The Cherokee people use these stories to better understand the environment around them and also as a sort of mold to adapt to when times are filled with hardship and questions. Origin stories also provide a mold for the relationship between a man and a woman and act as an ideal for the traditional roles of men and women within the Cherokee community. There are many different versions of the story, one involving corn and another involving strawberries. In the first version, Selu, known as the Corn Mother, represents agriculture and the ability to produce and the First Man, also known as the Great Hunter, represents the role of hunter for Cherokee men. This origin story set up the traditional roles seen in the Cherokee culture: the man is seen as the hunter and the woman holds the role of the producer. Stories such as these, with their teachings, were held close to their hearts as the Cherokee people were forced to leave their home and place of their ancestors.
During the forced Removal of the Cherokee in 1836-1839, their teachings and stories offered guidance and understanding. They were ripped away from everything they had known, ripped away from a land that was precious to them, and forced to leave behind their possessions. The Trail of Tears was a horrendous act that pushed a group of people to their limits. With a homeland only in their memory and stories on their tongues and in their heart, they were faced with a new land and much loss. These stories that were passed down to them through the generations were the bulk of what they had left and were what carried them into the new territory.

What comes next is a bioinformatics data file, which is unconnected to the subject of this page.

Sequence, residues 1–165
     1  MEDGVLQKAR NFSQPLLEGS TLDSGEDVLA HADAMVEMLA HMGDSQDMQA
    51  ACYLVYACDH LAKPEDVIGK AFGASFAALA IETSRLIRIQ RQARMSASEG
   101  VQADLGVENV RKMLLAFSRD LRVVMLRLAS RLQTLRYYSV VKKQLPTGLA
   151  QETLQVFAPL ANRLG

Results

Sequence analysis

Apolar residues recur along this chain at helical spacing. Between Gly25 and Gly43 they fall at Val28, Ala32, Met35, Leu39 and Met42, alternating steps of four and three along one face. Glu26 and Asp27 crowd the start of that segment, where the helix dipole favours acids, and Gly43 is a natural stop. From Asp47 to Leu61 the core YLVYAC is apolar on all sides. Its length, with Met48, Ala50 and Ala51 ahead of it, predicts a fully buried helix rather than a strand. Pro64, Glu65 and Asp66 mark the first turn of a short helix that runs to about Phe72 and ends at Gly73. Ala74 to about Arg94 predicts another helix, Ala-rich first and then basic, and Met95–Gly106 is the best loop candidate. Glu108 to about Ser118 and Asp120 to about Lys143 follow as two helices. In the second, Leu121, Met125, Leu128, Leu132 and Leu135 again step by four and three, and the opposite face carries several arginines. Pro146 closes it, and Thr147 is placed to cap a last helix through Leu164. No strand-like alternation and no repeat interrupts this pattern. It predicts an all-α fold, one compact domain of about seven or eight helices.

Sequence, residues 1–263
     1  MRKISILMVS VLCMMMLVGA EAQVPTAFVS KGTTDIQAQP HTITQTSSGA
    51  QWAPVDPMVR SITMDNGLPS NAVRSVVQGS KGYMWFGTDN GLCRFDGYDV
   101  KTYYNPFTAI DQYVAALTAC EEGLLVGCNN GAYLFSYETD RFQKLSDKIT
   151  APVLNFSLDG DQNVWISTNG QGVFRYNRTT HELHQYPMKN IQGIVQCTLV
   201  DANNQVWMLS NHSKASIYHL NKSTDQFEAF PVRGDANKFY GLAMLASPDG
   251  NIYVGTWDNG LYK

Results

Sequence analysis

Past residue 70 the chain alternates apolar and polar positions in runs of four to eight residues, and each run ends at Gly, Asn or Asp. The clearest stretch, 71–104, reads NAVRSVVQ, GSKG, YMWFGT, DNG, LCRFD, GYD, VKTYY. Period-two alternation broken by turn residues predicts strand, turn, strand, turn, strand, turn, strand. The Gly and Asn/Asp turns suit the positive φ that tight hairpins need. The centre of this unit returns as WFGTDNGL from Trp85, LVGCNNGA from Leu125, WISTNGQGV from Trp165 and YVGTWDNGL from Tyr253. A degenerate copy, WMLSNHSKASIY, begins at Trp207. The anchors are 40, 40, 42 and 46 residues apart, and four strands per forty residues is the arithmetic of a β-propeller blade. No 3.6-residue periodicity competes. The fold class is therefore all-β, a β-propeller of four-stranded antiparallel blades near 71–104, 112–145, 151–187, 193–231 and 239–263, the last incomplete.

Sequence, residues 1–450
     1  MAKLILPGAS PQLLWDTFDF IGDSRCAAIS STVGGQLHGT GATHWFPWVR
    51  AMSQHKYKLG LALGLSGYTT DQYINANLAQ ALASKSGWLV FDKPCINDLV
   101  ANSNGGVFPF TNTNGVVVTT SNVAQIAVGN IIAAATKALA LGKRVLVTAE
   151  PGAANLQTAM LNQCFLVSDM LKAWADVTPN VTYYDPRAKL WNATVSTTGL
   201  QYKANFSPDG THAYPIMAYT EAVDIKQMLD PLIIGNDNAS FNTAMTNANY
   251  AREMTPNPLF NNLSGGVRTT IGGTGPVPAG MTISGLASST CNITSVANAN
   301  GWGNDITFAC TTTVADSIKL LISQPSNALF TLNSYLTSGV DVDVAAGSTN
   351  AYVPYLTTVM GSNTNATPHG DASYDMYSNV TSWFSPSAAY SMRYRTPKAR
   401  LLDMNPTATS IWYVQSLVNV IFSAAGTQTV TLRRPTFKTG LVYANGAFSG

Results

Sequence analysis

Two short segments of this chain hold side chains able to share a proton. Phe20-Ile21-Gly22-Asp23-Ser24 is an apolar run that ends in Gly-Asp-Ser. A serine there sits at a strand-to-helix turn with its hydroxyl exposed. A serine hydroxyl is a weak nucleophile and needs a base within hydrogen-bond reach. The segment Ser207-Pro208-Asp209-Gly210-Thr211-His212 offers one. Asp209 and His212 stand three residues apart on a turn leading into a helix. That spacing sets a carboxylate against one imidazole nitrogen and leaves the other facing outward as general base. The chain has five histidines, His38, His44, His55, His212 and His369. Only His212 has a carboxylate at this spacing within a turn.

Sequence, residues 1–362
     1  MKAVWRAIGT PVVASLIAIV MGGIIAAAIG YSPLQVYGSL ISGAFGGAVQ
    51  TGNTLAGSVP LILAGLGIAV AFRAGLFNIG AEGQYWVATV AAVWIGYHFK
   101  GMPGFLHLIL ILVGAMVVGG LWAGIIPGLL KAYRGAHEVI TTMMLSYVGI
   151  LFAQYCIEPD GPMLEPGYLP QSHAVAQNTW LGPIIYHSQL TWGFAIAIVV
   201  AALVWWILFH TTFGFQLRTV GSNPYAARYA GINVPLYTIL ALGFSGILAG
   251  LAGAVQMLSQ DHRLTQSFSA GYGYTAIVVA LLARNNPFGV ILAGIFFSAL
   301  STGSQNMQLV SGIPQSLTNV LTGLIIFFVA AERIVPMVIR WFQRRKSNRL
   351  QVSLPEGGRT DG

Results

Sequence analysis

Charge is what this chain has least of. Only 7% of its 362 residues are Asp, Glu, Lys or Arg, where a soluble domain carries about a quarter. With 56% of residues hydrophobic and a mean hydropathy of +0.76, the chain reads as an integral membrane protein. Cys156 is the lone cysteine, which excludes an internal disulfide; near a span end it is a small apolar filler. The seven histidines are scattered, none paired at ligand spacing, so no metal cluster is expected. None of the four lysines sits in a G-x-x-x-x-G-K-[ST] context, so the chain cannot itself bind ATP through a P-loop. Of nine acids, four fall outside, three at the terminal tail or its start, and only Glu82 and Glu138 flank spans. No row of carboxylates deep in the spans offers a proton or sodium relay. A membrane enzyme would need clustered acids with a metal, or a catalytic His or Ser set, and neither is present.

The stories provided the answers Cherokee lacked when they questioned why they were being forced to leave their home. In Diane Glancy’s novel about Removal, she shows how important story telling was during the time of the Trail of Tears: “A long time ago the Cherokee forgot we were a tribe…We forgot we had a language. We forgot how to speak. That’s how the bear was formed. From a part of ourselves when we were in trouble. All we had was fur and meat to give.” (Glancy 177). There are many instances where the importance of storytelling is made evident but none more so than the story of the bear towards the conclusion of the book. This novel contains a whole cast of characters who are struggling not only with the Removal but also with familial drama and their identies. The story of the bear provides the answers they lack and an example of how to persevere during trying times. The bear is an example of a part of themselves that could push through something as trying and horrific as the Trail of Tears and a story such as this provided strength in a time when much was confusing and everything, they knew was being ripped away from them. The bear is something they could embody and hold inside of them to get through the countless miles ahead of them on the Trail.
A majority of these teachings were, and still are, instilled in the Cherokee people through the act of oral storytelling. This is not an uncommon thing to see throughout the history of the world. This way of teaching and spreading the stories of the people ensures that every member of the tribe or clan is sure to understand the teachings and pass them on to future generations. As Glancy explains, “Our voices and the meaning of our stories…To be my means to survive the night. Voices interacting…Connecting with others…It wasn’t the words…But rather the heart that went into the words…” (Glancy 155) Within these stories, one can find the principles of a culture and characteristics that set them apart from their European counterparts who do not understand their ways of living and only seek to thwart an entire culture and remain ignorant. The Euro-Americans saw no importance in the stories of the Cherokee or their spirituality. All that was seen by the Euro-Americans was a mass of land to be conquered and a people to remove. Only the Cherokee themselves truly understand the value of those teachings and what they mean not only to the individuals listening to them but also to the culture as a whole.